The 2018 World Cup has been full of surprises. Germany, Portugal and Spain have all exited the competition at the hands of less-fancied opposition. It was therefore a feeling of “here we go again” when Japan led Belgium 2-0 by the 65th minute of their Round of 16 clash on Monday. But Belgium came back to claim a win in what has been labeled the best match of Russia 2018 so far.
Much like Spain before the magical four-year period between 2008 and 2012, Belgium have underachieved. No, the Red Devils have not always had the best pool of players in international competitions. But in recent times, the country’s national team has been one of the most endowed.
The “Golden Generation”
Some call them the golden generation. Take a closer look and you may understand why. The roll call features the crème de la crème in modern football. Kevin De Bruyne, Romelu Lukaku, Eden Hazard, Thibaut Courtoise, Jan Vertonghen, Thomas Meunier, and Dres Mertens, to name a few. And they ply their trades with some of Europe’s biggest club sides.
Going by this roster alone, one would be forgiven for believing that they should dominate international football. Unfortunately, as far as winning tournaments is concerned, that is far from the truth. The team has always come up short.
Having been at the very first edition of the World Cup in 1930, the Belgians have come a long way. But they have also been very disappointing. The team failed to make it past the first round of their initial five World Cup appearances. In fact, it was not until 1970 before the country won its first match at the tournament.
However, a fourth-place finish in the 1986 edition, in Mexico, promised greater things to come. That promise has yet to be realised, as subsequent performances have fallen short of that mark. But that was until the golden generation reached maturity.
There is renewed belief the team is can finally get to the promised land with this set of players. In the 2014 edition of the tournament, the team got to the quarter final.
The 2018 World Cup is shaping out to be Belgium’s time
After taking maximum points from their group stage matches with wins against Panama, Tunisia and England, the Belgians had made a statement of intent.
But such were the expectations in recent competitions like Euro 2016, in France, when they failed to deliver. So when the hardworking Japanese team led 2-0 by the 65th minute of their Round of 16 clash in Rostov, many felt it was nothing new, as they had seen the team capitulate before. But there was something different this time around.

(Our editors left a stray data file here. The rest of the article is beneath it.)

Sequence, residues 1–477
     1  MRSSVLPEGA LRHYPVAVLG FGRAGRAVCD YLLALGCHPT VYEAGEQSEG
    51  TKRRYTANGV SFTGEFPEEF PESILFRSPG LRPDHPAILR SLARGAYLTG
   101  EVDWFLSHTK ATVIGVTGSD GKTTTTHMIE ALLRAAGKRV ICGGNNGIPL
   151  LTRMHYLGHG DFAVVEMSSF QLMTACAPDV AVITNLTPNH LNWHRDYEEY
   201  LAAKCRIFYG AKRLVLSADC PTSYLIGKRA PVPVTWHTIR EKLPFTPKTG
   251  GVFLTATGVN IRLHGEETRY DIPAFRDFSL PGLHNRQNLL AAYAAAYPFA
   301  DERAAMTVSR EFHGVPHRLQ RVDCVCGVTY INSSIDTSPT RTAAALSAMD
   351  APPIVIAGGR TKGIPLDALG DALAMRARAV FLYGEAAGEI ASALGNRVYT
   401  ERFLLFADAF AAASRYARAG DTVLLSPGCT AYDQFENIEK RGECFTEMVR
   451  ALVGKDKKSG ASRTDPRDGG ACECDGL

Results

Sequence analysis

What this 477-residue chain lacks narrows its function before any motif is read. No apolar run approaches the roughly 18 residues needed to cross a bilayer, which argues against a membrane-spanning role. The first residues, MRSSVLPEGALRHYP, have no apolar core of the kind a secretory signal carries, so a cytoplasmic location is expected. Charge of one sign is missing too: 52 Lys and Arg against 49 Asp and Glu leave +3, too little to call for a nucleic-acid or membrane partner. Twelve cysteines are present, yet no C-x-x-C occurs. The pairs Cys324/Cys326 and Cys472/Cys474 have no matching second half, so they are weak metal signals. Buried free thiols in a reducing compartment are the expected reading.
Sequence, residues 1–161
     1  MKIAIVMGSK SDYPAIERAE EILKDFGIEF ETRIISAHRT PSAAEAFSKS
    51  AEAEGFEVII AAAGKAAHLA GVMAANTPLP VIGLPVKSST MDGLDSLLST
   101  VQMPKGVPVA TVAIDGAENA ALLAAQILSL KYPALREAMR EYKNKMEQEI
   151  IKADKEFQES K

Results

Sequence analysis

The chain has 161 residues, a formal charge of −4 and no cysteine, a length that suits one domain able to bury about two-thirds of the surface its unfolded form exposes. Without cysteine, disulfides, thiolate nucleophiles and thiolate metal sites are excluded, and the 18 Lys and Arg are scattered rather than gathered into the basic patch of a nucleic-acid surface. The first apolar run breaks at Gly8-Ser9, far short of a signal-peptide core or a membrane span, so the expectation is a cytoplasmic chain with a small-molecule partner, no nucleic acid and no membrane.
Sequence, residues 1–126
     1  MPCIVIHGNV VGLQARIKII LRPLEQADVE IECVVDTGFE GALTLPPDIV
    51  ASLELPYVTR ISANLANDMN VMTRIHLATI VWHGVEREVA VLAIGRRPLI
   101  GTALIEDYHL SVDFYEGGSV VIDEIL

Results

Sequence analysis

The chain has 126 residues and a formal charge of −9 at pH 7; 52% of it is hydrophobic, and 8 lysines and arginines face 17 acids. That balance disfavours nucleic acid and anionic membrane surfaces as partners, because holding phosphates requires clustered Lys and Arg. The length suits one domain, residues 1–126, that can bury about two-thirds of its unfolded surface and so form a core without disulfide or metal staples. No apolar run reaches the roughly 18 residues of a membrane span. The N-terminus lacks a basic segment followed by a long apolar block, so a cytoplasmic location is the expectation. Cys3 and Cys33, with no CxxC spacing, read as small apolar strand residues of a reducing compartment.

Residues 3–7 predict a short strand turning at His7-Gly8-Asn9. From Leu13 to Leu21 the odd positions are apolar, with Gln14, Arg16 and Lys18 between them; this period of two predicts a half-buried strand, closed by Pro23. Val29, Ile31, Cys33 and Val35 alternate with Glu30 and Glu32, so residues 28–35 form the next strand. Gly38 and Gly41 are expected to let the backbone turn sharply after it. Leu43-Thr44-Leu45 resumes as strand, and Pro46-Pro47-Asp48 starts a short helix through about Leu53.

The Belgians fought back from two goals down with 25 minutes left to play and not only leveled, but won the game. That is the character of a team ready to right previous wrongs.
However, impressive as the performance against Japan was, that will pale in comparison to their test against their next opposition. Brazil lie in wait in the quarter final. The five-time winners have it all: experience, self-belief, star names. Plus, they have Neymar.
Messi and Ronaldo may have flattered to deceive in the tournament, but Neymar is the real deal. The world’s most expensive player is hitting all the right notes with his Brazilian side as they march on towards their sixth world title.
As much as the team relies on the Paris Saint-Germain man to create the magic upfront, they are solid at the back. With just a single goal conceded in the tournament in four matches so far, Belgium need to be at their very best to get one over the Selecao.
An average of three goals per game
Fortunately for the Red Devils, goal scoring has not been one of their problems in Russia. They lead the way as the highest scoring team in the competition, with 12 strikes in four matches. That’s an average of three goals per game.
In De Bruyne, Hazard and Lukaku they have players capable of unlocking stubborn defences. And if things prove too difficult, there is always the dependable Marouane Fellaini to call upon from the bench.
For me, the most likely scenario will be that they overcome the Brazilians at the Kazan Arena on Friday and take another step closer to achieving their long-overdue ambition of winning the World Cup.